First impressions are everything. This is especially important with book covers. I know, I know. Don’t judge a book by its cover. Name me a blogger/reviewer/avid reader that doesn’t and I’ll start eating pages from my copy of Twilight. We all do it because aside from the blurb, it’s the first thing that where a reader can get an idea on what the book is about. Put an awesome cover on a book and just sit back and watch bloggers/reviewers drool over it for months before the release. Case and point, Jay Kristoff’s debut novel, Stormdancer, had a little over 1,000 “adds” before the cover was revealed. Afterwards, the number practically doubled in a very short amount of time. There is just something about seeing a badass cover that screams, “Read me!” What’s found in those beautifully crafted covers, well… that’s another story.
Recently, I read an article that questioned the popularity of YA book covers, which I found grossly over generalized YA bloggers. Now, I realize that not all authors have the privilege of giving input on how their covers come out and that by itself sucks. But not all of us are drawn to the same old “I’m a pretty white girl in a gown. Love me!” cover. So that got me thinking a bit. What really makes me say, “AWW YEAH!” or “AWW HELL NAW!” when I look at a cover? I know my standards for novels are pretty high, but I think I’m easy to please when it comes to covers. Unfortunately, we can’t all be winners. Sometimes we lose before we even begin. In my not-so-professional opinion here are my five reasons why I think your cover sucks:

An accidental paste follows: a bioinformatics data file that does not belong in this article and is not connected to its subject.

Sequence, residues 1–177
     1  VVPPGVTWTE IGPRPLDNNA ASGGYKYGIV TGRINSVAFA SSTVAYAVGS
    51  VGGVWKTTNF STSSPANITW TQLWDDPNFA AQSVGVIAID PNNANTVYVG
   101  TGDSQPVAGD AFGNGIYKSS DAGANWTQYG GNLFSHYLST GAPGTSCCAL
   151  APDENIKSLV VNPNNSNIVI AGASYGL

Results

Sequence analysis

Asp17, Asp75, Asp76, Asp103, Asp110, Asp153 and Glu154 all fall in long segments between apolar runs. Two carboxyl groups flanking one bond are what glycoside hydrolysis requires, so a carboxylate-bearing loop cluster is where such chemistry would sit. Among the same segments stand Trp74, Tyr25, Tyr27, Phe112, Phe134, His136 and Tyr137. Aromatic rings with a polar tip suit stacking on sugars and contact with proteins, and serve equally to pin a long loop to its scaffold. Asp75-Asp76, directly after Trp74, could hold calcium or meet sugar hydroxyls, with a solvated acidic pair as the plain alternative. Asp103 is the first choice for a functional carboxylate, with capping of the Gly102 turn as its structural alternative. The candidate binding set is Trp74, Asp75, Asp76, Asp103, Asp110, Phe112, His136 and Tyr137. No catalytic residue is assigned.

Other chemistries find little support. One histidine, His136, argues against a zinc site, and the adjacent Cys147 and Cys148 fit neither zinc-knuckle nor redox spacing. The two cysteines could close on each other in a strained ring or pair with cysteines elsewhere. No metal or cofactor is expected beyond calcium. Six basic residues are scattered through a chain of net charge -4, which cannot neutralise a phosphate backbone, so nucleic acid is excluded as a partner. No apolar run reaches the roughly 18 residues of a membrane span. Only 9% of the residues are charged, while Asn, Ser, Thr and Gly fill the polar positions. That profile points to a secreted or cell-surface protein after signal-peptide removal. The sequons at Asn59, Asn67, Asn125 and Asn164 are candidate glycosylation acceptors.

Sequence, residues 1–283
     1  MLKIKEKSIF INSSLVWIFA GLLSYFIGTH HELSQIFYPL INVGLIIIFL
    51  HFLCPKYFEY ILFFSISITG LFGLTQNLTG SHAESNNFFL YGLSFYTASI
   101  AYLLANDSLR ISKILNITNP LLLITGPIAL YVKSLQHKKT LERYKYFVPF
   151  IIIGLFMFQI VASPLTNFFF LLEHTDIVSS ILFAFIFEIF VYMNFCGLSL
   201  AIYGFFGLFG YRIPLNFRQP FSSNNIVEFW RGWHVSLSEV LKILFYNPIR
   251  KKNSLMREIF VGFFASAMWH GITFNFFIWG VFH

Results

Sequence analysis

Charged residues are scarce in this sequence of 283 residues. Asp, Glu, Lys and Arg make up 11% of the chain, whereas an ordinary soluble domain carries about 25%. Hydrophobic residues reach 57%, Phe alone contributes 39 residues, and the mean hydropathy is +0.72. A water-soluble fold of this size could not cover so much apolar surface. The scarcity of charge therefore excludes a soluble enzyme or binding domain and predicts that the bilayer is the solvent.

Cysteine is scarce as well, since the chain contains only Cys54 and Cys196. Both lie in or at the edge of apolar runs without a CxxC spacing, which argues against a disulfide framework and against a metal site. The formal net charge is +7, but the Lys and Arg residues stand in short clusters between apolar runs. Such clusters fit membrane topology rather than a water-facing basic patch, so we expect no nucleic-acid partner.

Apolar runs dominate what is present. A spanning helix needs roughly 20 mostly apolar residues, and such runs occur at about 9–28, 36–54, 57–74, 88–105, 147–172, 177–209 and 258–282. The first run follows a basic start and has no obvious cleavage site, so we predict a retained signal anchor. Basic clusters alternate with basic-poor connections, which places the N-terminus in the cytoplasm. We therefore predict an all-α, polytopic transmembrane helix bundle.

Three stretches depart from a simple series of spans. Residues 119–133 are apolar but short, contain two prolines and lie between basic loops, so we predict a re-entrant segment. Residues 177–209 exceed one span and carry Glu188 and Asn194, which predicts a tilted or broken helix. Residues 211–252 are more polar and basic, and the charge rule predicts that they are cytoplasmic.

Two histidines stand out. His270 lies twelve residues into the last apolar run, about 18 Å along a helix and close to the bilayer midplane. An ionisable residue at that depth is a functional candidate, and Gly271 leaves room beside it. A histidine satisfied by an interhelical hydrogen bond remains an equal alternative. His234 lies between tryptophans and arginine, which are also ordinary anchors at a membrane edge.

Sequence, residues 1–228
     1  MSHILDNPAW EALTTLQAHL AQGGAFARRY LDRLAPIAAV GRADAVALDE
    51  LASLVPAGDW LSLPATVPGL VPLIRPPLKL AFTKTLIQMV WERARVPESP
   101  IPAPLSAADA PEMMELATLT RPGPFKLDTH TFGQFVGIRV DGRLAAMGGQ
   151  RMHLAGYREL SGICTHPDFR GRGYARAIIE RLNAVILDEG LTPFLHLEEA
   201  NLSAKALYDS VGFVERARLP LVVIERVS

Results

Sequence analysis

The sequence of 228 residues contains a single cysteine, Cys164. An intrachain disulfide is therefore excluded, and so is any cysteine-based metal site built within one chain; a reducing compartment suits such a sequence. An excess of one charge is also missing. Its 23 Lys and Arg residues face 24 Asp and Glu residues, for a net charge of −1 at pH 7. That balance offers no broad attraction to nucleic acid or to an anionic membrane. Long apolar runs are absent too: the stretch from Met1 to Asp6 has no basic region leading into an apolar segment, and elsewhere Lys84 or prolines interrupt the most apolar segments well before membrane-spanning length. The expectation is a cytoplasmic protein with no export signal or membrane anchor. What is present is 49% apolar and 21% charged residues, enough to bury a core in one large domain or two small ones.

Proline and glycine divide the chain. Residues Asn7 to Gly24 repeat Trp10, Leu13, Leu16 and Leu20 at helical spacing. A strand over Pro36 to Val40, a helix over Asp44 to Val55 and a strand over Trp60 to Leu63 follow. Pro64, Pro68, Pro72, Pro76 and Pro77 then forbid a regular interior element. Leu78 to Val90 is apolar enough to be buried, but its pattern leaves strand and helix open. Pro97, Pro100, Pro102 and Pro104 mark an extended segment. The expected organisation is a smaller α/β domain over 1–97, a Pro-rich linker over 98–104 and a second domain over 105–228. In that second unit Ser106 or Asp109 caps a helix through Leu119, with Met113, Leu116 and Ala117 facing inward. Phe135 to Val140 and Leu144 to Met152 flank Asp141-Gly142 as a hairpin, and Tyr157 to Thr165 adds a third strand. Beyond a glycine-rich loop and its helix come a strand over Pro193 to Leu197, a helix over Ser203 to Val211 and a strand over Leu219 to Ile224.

*Please note: The awful covers shown are not real and were created using a few stock photos by Kat.
I really hate to say this, but there are some covers that just make me wonder what the hell went wrong in Photoshop. I mean, come on! If you or the marketing department couldn’t even attempt to make it look nice and smooth or at least non-creepy, why should I spend my hard-earned cash money on it? A cover should look aesthetically pleasing to the eye and have a clear message. It should NOT make me cringe and scream, “Kill it with fire!”
*Image source found here.
2. Haven’t I seen this before?
Copycats. Nobody likes them, but they’re all around us. This is a more recent pet-peeve of mine, but it’s becoming incredibly annoying! This doesn’t necessarily mean the cover looks bad, however, I just find it kinda lazy and cheap when I see a book published by a big publishing house with a cover that is eerily similar to another book. I’m talking about them using the same stock image. Really? Really?! No one could check and make sure the photo hadn’t already been used?
*Image source found here.
3. Cover Fraud!
I don’t know how everyone else feels about this one, but I absolutely hate when a cover has tricked me into believing the book is going to be about one thing, but it’s almost the exact opposite. I know that most of the time the person who is in charge of the cover generally has not read the book. Really, I get it. But can it please be in the ball park? Can you please not feature a kick-ass, warrior girl on the cover, yet she’s nothing but a damsel in distress? Do not give her a sword when all she does his hide and wait for the bad guys to go away. Again, this doesn’t mean it’s a terrible cover design-wise (though it can be), but it is false advertisement. Couldn’t they have simply asked the author, “Hey before we go throwing random stuff on your cover, is it even in the book?” Why waste a reader’s time and money? Do you want an angry review?